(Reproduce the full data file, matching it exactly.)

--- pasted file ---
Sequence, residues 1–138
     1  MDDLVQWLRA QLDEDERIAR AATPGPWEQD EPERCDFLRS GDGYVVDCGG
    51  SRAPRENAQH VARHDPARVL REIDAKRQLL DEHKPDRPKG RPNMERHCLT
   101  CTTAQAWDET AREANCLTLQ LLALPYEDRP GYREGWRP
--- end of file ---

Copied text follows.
Sequence, residues 1–138
     1  MDDLVQWLRA QLDEDERIAR AATPGPWEQD EPERCDFLRS GDGYVVDCGG
    51  SRAPRENAQH VARHDPARVL REIDAKRQLL DEHKPDRPKG RPNMERHCLT
   101  CTTAQAWDET AREANCLTLQ LLALPYEDRP GYREGWRP